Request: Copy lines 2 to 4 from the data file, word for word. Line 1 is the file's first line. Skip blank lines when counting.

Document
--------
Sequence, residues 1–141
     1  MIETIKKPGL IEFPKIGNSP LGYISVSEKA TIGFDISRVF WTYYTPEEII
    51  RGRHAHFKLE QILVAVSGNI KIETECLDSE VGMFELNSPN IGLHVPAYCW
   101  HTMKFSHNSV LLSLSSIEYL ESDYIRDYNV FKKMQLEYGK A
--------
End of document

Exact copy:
     1  MIETIKKPGL IEFPKIGNSP LGYISVSEKA TIGFDISRVF WTYYTPEEII
    51  RGRHAHFKLE QILVAVSGNI KIETECLDSE VGMFELNSPN IGLHVPAYCW
   101  HTMKFSHNSV LLSLSSIEYL ESDYIRDYNV FKKMQLEYGK A